He stood up, beaming and made for the door, then seemed to reconsider and sat down again.
‘I’ve done it again, sorry about that. I was going to ask you about keeping him here – what is it you call it again where someone else looks after your horse for you? Kidney?’
‘Yeah, that! Anyway, I’ve got him in the back garden at the moment but he’s eaten pretty much everything now so I’d like to get him somewhere more horse friendly as soon as possible.’
Abigail sipped her tea and formulated her next words carefully.
‘Owning a horse is a big commitment Mr Lynch. It’s not like having a pet fish or something – you don’t just give it some food and attention every now and again and everything will be alright.’
‘Nonsense! Back home, one of me neighbours had an ancient old mare – lived to be 46 you know! – and all they ever did was throw her a bit of hay in t’winter and got the blacksmith to look at her feet every now and again.’
‘Be that as it may, but there’s a lot more time and money involved than most people think. Now, I don’t have a problem keeping him here, just so long as you know what you’re letting yourself in for. What’s his name by the way?’
‘Manchego, of course, yes, right…wait…after the cheese!?’
‘Aye, he came with a very long and complicated Spanish name – too many ‘y’s – unpronounceable! So I thought, what the heck, he’s a Spanish horse, he can be a Spanish cheese!’
‘Is he up to date with all his vaccs?’ Abigail asked, trying hard not to imagine a horse shaped cheese as she went through the correct procedure for dealing with imported horses.
‘Hmm, not too sure about that, I’ll have to ask Kenny’
‘Well I’m sure John - our vet will be able to take a look at him anyway.’
‘Grand!’ he said, clapping his hands together. ‘Well I’d better be off - I have to see a man about a cabinet in twenty minutes but I hope to be hearing from you soon!’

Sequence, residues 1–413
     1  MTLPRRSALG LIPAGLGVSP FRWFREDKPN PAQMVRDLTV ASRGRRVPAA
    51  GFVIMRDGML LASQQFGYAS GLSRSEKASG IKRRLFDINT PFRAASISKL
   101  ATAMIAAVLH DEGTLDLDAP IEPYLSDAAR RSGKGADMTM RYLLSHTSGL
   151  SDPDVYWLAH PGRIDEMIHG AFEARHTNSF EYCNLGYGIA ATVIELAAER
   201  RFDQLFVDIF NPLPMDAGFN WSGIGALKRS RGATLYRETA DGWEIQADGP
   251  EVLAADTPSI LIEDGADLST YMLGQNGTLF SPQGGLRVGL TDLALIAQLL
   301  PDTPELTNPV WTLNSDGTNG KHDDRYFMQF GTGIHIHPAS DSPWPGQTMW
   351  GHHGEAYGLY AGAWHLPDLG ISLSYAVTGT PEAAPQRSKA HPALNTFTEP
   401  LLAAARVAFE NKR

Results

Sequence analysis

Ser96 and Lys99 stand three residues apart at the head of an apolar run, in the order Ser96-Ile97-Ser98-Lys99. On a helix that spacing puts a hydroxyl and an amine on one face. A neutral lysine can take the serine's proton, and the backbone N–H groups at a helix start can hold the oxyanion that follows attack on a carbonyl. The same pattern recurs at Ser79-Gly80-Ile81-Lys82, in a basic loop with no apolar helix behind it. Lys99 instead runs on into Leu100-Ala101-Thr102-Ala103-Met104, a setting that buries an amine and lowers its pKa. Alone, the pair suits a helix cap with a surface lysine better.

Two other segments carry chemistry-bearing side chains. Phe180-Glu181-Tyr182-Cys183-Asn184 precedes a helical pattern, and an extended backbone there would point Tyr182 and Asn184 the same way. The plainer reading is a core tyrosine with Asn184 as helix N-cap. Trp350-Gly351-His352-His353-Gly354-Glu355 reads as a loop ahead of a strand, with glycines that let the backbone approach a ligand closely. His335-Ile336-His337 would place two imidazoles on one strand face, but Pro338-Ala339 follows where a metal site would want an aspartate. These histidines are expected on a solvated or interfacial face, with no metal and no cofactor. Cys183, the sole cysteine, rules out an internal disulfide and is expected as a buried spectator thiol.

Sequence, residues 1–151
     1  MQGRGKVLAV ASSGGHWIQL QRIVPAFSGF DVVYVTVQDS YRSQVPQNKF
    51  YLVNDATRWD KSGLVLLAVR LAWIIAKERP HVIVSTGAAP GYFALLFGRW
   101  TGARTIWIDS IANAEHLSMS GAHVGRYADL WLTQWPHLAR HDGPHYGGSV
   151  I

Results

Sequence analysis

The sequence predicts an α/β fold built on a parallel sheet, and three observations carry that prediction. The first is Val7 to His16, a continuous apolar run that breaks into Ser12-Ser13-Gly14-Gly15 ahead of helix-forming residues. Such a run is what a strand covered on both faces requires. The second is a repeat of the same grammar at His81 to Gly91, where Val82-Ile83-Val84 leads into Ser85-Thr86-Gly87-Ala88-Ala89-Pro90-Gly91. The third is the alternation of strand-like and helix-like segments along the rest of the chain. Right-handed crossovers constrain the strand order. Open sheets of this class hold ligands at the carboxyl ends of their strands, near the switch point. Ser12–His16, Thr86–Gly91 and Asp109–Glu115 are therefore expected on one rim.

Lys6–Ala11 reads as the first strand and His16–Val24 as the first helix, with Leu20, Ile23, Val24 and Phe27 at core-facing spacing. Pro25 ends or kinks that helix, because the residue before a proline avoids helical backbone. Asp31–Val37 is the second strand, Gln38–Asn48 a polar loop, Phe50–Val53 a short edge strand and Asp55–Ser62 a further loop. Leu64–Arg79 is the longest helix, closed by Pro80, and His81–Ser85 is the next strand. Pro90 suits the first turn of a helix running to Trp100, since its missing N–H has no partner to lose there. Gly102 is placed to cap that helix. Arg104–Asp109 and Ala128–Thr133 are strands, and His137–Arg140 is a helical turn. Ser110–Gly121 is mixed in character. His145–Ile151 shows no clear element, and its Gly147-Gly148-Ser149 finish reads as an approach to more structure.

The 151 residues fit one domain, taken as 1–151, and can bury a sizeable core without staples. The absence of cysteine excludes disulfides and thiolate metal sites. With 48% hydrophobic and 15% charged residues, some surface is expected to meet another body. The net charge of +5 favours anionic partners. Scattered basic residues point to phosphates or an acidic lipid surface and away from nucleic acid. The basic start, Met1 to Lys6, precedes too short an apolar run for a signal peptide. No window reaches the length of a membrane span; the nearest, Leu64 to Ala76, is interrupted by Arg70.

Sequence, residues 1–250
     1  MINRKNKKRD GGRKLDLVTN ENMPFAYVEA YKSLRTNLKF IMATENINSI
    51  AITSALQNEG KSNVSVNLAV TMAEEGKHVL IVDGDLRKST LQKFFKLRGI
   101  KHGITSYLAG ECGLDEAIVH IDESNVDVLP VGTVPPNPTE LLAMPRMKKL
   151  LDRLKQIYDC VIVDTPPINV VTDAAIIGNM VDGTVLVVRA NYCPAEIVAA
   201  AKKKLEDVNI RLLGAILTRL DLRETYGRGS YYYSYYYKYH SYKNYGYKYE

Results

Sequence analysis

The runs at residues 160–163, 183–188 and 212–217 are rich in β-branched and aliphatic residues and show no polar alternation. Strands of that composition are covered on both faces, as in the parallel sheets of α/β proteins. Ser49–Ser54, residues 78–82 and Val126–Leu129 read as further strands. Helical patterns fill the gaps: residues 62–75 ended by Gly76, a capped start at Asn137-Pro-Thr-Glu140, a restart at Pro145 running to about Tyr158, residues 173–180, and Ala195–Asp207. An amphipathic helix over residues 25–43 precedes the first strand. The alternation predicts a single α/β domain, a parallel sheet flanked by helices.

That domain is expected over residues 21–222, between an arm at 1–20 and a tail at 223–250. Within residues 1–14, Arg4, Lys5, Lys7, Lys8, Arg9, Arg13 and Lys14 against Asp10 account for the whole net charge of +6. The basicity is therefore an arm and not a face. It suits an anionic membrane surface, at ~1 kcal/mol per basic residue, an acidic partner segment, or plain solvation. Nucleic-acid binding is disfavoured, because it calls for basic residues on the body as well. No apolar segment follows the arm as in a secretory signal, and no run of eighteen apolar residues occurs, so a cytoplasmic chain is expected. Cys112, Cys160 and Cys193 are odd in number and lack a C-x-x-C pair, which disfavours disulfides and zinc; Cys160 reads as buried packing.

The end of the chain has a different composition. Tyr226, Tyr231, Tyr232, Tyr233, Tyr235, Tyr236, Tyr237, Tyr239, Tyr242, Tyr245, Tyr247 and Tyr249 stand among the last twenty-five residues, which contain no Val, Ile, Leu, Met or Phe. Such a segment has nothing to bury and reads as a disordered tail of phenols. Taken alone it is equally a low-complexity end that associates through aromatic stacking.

He scribbled a phone number into the accident book on the desk, smiled and left the room with a spring in his step.
‘What an odd man’
David nodded as he stuck his head round the door and made his way over to the desk.
‘I know, I was just outside and heard some of it. You don’t think this horse is carrying anything do you?’
The yard owner closed her eyes and shook her head.
‘You know David, I haven’t a clue. I’m now thoroughly confused.’
Several days passed by with no contact from Aidan. Abigail phoned the number he’d left her multiple times but only reached his answer machine, where the pre-recorded message rambled on for several long minutes.
Finally, she decided to go into the village herself and see if she could find him. It took a while, but she eventually tracked him down, rummaging around in one of the charity shops; his arms full of bits and pieces that he hoped to sell on.
‘Good morning’ said Abigail sharply. ‘I tried to contact you but your phone kept going to that machine thing’
Aidan looked blankly at her.
‘Eh? Do I…er…know you at all?’
Abigail rolled her eyes inwardly. The man had the memory of a goldfish.
‘Yes! You came to me looking for somewhere to keep your horses a couple of days ago!’
His face brightened and he attempted to shake her hand in apology whilst balancing several pieces of china in one arm.
‘Ah yes, I remember now – Aileen wasn’t it?’
‘Right you are, yes. I’ll just pay for these and then I’ll introduce you, hold on.’
The volunteer at the till looked just as bemused as Abigail when he dumped the lot on the counter and fumbled around in his many pockets for his wallet, which he finally discovered tucked inside his waistcoat. Thanking the woman profusely, he stuffed his purchases into a rucksack, gave her a friendly, if perhaps slightly terrifying wave and left the shop with Abigail following on behind, wondering just who on earth she was dealing with.
‘I’ll just chuck these in t’shop, then we can go and see ole’ cheesy!’
Sure enough, a few hundred yards down the street, he dropped the rucksack in front of one of the shop doors, unlocked it and nudged the bag inside with his foot. He held the door open for Abigail and grinned.
‘After you. You can get there from round the corner but this way’s just as quick.’
As she stepped over the threshold and flicked the light switch, he spoke again. ‘Err, don’t mind the mess – I haven’t had a chance to unpack anything yet…’
Abigail gawped. ‘Mess’ didn’t quite cover it. The floor was littered with boxes and crates full of books and interesting looking objects, save for a narrow path which exposed the well worn floorboards. The dingy old wallpaper was peeling in places and the whole place reeked of decay and neglect.
‘Aye’ he said, noting her look of distain. ‘Mr Farnon had let it go a bit…well, ‘nuff said really. C’mon, t’horse is out this way.’